Becoming John C. Pemberton
by Morgan Gates, Haunted Vicksburg, Historic Vicksburg, author & speaker
Sometime last summer, my friend Cory Rickrode, asked me to portray Lt. General John C. Pemberton for Vicksburg’s first annual Breakfast with the Generals, which took place on July 4th 2017. This was something I had never considered doing before, but it sounded like fun, so I said, "Why not!"
I am a historian and a storyteller but I had not, at that time at least, done much reenacting. I have portrayed Dr. William Balfour, host of the annual Confederate Ball, a fund raiser put on by the Old Courthouse Museum each December, for several years but that is a small rather one-dimensional role. To do the role of General Pemberton justice, I had to attempt to crawl inside Pemberton’s head. Fortunately, I have had previous experience crawling inside heads--I am a retired public-school principal who spent much of his career trying to figure out what made troubled children tick. Also, I had a good role model in Dr. Curt Fields, of Memphis, who has been portraying U. S. Grant for years. So, I dug in and started studying the Defender of Vicksburg!
The first thing I discovered is that there is not a great deal of information out there about Pemberton. Losers don’t make as good a story as winners I suppose. The second thing I discovered is that Pemberton, at the time, got a really bad rap! The superficial “picture” of the commander of Vicksburg is that he was (A) incompetent or (B) if not incompetent, then, at least, in way over his head! I am now convinced that neither allegation is true, let’s explore this some more over the next several posts, shall we?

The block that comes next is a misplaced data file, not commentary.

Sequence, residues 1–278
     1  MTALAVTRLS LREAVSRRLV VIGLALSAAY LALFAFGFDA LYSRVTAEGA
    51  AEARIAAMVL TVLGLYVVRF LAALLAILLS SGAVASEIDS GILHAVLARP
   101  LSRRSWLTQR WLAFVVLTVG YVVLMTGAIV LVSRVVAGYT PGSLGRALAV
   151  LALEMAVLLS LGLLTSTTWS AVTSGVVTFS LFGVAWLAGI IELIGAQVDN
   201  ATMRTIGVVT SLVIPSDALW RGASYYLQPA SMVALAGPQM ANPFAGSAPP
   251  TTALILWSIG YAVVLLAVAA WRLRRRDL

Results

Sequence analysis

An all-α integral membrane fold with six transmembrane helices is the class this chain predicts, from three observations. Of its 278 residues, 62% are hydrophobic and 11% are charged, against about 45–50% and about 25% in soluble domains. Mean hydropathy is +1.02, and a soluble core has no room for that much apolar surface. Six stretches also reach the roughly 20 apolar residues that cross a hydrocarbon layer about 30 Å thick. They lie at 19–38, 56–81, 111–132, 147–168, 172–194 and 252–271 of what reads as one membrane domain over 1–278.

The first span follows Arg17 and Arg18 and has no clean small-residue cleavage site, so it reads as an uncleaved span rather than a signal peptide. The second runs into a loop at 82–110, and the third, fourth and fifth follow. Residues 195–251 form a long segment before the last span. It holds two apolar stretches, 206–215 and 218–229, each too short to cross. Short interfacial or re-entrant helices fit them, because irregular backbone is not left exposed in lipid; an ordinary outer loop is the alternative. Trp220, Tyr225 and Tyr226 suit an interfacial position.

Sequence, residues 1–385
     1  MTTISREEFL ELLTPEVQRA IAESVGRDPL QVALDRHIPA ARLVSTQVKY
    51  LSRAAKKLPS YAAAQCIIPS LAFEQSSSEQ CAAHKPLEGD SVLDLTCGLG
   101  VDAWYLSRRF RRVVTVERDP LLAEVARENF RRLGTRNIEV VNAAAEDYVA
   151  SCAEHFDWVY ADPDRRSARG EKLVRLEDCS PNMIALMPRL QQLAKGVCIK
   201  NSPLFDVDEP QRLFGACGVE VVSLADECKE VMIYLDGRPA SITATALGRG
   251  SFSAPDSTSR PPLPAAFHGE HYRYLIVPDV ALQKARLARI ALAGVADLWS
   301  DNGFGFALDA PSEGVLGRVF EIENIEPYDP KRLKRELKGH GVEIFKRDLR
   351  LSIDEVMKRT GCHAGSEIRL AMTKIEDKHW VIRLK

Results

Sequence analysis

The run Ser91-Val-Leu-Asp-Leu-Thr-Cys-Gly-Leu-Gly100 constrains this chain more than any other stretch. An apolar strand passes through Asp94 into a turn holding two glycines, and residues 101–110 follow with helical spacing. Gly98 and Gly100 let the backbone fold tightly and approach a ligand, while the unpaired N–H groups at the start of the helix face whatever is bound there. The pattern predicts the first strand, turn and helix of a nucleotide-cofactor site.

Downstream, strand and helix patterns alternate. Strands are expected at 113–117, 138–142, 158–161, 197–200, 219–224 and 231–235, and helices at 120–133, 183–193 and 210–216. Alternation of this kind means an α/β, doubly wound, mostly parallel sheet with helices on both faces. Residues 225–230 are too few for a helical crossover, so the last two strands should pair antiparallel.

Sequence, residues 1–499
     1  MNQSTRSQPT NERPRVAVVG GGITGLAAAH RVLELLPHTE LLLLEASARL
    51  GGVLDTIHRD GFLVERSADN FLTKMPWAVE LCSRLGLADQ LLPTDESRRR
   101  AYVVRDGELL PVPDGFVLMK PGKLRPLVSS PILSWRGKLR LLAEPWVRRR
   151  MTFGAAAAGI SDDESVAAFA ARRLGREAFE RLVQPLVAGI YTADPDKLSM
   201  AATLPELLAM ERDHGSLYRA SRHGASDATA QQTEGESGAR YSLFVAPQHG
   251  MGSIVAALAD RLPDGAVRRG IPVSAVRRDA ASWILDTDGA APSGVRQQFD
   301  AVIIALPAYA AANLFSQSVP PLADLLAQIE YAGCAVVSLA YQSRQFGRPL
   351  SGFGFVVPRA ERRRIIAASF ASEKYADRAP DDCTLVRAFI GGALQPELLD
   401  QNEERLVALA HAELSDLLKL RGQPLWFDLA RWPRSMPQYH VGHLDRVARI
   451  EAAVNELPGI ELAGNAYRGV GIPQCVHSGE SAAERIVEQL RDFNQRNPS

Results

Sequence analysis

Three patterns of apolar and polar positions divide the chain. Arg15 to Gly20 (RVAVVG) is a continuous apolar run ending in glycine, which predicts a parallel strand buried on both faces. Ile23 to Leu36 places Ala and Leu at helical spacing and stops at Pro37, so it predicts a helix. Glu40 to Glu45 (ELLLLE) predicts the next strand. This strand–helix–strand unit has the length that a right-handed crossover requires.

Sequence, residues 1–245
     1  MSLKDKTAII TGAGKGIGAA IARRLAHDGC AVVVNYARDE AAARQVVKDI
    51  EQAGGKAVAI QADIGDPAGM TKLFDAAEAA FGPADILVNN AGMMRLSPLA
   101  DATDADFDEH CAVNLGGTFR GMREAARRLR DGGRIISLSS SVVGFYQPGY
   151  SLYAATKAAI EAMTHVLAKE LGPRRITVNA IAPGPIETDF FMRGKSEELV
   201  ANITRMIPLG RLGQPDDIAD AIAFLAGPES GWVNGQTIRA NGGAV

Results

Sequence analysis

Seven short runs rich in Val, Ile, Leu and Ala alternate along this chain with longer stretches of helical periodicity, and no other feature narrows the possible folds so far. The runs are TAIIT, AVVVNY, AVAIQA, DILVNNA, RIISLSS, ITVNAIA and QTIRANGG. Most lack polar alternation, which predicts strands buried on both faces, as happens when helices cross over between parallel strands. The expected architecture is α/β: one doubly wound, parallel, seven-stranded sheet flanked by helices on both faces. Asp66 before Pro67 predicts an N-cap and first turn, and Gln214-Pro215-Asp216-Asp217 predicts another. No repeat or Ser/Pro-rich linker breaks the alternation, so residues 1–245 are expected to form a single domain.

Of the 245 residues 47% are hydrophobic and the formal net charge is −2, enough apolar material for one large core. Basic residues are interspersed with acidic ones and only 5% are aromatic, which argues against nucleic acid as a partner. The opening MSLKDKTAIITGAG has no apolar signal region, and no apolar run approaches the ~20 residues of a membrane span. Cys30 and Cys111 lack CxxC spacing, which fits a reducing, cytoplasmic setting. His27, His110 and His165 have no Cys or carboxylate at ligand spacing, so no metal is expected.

Pemberton and Grant were in many ways very different men but they also had very many things in common. Then again, don’t we all?
First the commonalities:
Both were born in the north; Pemberton in Pennsylvania and Grant in Ohio. Both were West Pointers. Both struggled in some subjects and excelled in others. Both had graduated just below the half way point in their respective classes. Both had aspired to be engineers but wound up serving in other branches of the Army. Both served in Mexico in the same division and they had met during that earlier war. Both had “Seen the Elephant”. Both had served in far-flung frontier outposts and detested them. Both had fallen in love and married girls with southern roots.
Pemberton was from and upper-class Philadelphia family, Grant middle class small town Ohio. Pemberton embraced life at West-Point and was quite social, and very much a lady’s man. Grant less so, and somewhat kept to himself. Pemberton did well in language but struggled with math. Grant was just the opposite. Pemberton, after West Point, was assigned to the Artillery Grant to Infantry. Pemberton, who was older, spent many years in postings in the south and grew quite fond of the people of the south. Grant spent much less time in the south. In Mexico, Pemberton attained the brevet rank of Major. Grant was a brevet Lieutenant. Pemberton served in the U.S. Army right up to the day he resigned his commission to join the Confederacy. Grant resigned his commission in 1853 and spent a number of years in civilian life – rather unsuccessfully-- before rejoining after the Civil War began.
The two men really had a lot more in common that than we might at first realize, and up until the spring of 1863, John C. Pemberton had, in most aspects, been the much more successful of the two! To put it in modern terms, if you had no prior knowledge of either man and their resumes (ca.1862) were placed on your desk, you would have very likely hired John C. Pemberton, and consigned Ulysses S. Grant’s to “File 13”! So where did it go wrong for General Pemberton? Let’s talk more next time……………